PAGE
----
Three years after the official introduction, TRANSfarm is ready for use. Over the past years, KU Leuven's farm complex in Lovenjoel (Bierbeek) has been transformed into a modern research centre for circular bioeconomy. The aim is to scale up and optimise innovations to put them into practice more quickly.
Growing new crops for a more plant-based diet. Processing green by-products into alternative chemical raw materials. Biomedical research into new vaccine technologies. More sustainable production of new building materials. Scaling up hydrogen gas panels that can be used everywhere as a renewable energy source.
Even though the research projects vary widely, they share a common basis: sustainability and a circular approach. These are only a few examples of what happens at TRANSfarm. The new research centre supports researchers in scaling up innovations in the bioeconomy and bioengineering from lab expertise to pilot scale in order to bring these new methods on the market and introduce them into society more quickly.
"KU Leuven is strongly committed to developing circular and sustainable processes for agriculture and industry, but the journey from the lab to the practical implementation is usually complex", explains director Wouter Merckx. "TRANSfarm offers our scientists the opportunity to speed up this process. That's where our name comes from, which stands for translational – practically applicable – research and transformation in agriculture."
Scientific and social evolution
TRANSfarm is the successor of the Zootechnical Centre in Lovenjoel. The model farm was built in 1928 to provide the nearby psychiatric centre Salva Mater with food. The farm also served as a research centre for the University. Over the course of history, it evolved along with science and society.
In the past years, the site has undergone a major transformation. The old cowsheds and pigsties have made way for a modern and sustainable farm complex with lab zones and new animal houses. That way, the centre still leaves room for traditional research on farm animals, mainly poultry and pigs. Eight units for animal research on a higher biosafety level are also available, which is essential for biomedical research into vaccines and medicines, for instance.
A new pilot hall was built that offers room to further develop technologies in various kinds of disciplines. For example, the Solhyd project will start up a pilot production line there: the innovative hydrogen gas panel, developed at KU Leuven, converts sunlight and water vapour directly into hydrogen gas. You'll also find the BioCon project at TRANSfarm, which specialises in the refining of woody biomass (plant residues and waste wood) to develop sustainable alternatives to fossil raw materials.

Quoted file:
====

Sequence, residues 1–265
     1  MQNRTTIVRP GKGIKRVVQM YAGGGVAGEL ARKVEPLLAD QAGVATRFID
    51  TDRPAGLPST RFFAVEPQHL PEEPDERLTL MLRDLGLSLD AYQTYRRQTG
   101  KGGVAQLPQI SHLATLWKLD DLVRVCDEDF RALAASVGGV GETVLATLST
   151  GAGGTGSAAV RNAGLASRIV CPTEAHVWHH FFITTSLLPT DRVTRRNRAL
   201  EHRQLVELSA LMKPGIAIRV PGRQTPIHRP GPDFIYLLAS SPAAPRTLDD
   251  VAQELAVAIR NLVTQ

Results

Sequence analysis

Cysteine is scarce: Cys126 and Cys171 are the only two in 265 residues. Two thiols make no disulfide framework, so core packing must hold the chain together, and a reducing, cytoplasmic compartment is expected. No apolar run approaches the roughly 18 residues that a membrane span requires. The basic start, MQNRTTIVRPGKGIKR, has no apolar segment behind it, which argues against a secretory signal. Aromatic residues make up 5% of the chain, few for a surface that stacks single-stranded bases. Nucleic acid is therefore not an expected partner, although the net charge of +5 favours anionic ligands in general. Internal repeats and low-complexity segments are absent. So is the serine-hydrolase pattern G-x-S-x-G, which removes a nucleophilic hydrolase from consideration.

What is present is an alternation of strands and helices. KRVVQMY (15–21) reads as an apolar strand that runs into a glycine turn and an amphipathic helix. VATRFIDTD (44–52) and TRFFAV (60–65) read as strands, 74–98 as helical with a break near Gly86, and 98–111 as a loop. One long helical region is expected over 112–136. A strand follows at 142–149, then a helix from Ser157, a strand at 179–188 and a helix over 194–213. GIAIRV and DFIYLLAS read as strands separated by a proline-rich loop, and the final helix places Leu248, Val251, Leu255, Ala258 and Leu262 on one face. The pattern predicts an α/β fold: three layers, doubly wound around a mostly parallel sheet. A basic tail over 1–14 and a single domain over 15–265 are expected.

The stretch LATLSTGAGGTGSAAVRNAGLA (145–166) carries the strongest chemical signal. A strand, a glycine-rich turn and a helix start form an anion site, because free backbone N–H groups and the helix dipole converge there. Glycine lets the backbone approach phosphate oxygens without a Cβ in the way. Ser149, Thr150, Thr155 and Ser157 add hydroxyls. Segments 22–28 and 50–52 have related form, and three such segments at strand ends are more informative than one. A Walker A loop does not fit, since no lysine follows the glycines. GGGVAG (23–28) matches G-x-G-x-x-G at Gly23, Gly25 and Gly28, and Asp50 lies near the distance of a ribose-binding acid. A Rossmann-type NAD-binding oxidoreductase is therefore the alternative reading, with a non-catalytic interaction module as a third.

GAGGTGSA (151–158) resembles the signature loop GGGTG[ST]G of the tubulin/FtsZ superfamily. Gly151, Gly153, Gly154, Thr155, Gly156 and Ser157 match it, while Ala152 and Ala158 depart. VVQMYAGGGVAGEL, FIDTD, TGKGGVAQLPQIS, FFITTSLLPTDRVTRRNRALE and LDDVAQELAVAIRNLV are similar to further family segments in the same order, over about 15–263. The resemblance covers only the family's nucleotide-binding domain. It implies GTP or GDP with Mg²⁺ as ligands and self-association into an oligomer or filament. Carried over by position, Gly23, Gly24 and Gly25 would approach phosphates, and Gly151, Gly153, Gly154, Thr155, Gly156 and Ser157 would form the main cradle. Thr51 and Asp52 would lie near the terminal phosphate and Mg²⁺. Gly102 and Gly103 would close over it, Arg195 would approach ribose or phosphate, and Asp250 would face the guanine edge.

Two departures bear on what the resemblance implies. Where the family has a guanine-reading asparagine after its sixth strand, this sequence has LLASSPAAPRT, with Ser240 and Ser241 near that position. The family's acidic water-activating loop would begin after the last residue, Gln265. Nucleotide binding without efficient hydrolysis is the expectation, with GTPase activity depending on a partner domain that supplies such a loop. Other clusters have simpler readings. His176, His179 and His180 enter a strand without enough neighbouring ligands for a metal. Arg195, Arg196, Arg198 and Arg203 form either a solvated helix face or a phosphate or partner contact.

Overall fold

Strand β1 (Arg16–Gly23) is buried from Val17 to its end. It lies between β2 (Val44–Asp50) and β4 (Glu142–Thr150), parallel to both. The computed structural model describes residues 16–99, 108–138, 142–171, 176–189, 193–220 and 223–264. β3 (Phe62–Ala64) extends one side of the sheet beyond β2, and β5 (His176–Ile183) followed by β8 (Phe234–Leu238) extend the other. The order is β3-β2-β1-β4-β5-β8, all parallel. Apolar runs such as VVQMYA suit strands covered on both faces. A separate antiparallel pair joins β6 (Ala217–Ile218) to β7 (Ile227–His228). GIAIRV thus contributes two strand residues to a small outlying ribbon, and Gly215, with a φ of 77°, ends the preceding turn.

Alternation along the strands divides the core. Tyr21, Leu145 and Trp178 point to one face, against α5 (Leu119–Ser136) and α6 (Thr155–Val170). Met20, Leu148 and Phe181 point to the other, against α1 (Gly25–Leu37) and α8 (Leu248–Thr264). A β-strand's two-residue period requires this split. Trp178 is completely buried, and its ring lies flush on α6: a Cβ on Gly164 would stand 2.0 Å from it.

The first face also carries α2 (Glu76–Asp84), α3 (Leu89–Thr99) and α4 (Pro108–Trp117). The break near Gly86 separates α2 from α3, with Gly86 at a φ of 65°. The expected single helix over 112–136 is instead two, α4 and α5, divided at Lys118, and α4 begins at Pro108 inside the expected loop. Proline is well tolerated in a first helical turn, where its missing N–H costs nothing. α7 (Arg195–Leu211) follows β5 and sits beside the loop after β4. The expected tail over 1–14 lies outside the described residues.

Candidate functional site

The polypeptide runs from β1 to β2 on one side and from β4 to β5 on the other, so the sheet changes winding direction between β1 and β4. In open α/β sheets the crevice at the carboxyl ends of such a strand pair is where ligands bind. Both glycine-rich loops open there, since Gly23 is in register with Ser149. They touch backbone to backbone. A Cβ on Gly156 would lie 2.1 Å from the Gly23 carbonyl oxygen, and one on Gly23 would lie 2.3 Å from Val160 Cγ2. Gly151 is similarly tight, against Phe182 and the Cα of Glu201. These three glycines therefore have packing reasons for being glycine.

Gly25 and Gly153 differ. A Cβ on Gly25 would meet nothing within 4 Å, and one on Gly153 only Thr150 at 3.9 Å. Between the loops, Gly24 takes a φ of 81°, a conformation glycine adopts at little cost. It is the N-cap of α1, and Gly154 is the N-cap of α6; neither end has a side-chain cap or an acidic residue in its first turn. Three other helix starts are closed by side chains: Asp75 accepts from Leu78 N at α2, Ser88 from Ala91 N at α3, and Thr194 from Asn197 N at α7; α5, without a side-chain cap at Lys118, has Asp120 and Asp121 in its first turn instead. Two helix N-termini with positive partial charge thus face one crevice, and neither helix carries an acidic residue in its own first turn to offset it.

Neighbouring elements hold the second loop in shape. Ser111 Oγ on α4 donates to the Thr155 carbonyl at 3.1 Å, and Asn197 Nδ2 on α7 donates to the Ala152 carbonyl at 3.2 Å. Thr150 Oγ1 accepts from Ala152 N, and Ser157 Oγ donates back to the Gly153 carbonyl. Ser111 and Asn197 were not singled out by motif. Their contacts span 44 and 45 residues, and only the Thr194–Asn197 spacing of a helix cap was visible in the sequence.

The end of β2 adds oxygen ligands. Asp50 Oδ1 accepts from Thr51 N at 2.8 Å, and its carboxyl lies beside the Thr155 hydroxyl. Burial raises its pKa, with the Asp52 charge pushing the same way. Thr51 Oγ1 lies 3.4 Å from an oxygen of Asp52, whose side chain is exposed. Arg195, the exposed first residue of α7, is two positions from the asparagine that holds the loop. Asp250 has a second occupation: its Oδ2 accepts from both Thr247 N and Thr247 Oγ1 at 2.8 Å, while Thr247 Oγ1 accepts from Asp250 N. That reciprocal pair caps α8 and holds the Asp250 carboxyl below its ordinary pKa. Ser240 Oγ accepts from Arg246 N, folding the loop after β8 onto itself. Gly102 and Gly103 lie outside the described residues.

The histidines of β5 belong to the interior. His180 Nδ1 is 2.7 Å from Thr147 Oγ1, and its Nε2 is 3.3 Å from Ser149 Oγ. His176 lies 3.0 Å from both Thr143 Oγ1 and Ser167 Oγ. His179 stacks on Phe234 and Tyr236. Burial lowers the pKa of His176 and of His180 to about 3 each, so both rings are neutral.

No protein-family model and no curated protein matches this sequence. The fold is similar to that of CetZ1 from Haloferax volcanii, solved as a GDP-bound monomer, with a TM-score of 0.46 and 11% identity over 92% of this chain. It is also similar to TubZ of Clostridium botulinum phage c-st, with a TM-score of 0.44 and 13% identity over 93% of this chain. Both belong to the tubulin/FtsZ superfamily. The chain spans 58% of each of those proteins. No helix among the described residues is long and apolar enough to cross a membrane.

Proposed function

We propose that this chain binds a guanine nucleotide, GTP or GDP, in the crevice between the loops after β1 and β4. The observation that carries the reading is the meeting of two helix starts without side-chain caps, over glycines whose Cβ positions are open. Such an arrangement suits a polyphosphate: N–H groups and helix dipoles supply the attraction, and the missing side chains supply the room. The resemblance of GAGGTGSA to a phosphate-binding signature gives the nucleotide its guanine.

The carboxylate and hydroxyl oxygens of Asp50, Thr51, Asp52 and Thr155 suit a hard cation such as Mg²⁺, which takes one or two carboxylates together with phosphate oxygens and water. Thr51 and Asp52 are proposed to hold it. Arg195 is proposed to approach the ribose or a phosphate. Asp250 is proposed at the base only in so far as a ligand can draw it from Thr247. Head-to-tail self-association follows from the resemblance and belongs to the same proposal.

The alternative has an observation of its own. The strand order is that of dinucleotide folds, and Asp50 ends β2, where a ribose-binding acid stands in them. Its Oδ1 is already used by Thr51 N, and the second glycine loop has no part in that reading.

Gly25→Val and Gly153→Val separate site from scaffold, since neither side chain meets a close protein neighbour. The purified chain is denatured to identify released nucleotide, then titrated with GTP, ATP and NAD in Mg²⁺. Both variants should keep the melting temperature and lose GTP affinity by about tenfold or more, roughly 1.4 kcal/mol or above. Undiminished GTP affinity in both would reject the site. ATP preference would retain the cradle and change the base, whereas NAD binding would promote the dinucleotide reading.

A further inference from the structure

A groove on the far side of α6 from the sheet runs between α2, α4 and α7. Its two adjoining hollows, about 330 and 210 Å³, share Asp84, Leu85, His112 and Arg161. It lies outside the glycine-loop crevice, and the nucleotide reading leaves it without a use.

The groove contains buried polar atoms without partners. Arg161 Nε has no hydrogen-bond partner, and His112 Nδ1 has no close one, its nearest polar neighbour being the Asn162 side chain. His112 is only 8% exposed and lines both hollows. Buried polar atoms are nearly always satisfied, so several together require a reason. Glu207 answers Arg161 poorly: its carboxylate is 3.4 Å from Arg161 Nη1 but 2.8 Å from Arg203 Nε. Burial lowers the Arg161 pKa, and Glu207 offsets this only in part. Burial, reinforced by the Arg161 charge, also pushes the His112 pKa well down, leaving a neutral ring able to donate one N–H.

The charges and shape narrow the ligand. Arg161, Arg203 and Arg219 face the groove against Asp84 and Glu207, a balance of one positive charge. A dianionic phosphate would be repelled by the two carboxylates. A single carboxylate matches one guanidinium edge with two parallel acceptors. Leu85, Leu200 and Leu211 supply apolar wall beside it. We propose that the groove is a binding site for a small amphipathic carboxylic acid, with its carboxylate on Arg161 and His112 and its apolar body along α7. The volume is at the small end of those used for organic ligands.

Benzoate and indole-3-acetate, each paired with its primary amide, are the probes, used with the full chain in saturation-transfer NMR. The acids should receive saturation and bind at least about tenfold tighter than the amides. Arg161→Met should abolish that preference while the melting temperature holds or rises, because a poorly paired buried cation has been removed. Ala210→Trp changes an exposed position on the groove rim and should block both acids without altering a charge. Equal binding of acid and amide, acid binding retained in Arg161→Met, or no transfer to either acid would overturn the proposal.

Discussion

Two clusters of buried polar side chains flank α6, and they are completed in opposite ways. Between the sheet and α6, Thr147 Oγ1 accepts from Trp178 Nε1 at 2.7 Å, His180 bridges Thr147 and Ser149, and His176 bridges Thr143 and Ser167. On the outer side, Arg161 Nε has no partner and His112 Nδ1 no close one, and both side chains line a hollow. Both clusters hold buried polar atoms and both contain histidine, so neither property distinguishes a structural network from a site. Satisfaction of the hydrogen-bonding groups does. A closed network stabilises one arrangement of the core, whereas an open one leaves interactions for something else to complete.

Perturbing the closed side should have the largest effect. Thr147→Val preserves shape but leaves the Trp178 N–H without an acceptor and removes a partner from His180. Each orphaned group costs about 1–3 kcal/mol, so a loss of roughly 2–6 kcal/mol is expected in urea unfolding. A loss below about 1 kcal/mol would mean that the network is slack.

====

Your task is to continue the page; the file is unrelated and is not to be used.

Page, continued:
Striving for climate neutrality
TRANSfarm not only houses innovative research but also wants to play a pioneering role by working as climate-neutrally as possible. The new construction project functions without fossil fuels: six thousand square metres of solar panels produce the energy needed. Heat pumps guarantee the indoor climate in the different animal units and research areas. Combined with a biological scrubber, successive filters reduce emissions from livestock, such as nitrogen, dust and smell. This fossil fuel-free approach is in line with the European research project Hyperfarm, which is coordinated by TRANSfarm.
The new construction project and renovation works cost KU Leuven seven million euros. TRANSfarm can also count on support from the Flemish Government, through the post-COVID recovery plan. The Flemish Government invests nearly two million euros in research infrastructure for primary agricultural production, protein transition and biomass flows.
"Society faces major challenges: how can we make progress without further harming the planet? The need for innovation is high", says Gerard Govers, Vice Rector for the Science, Engineering and Technology Group and responsible for Sustainability Policy. "If we want to solve these complex issues, we will have to cooperate across the boundaries of different disciplines and with the help of businesses. TRANSfarm provides the right conditions for us to rise to the challenge."
This article was first published on 31 May by KU Leuven.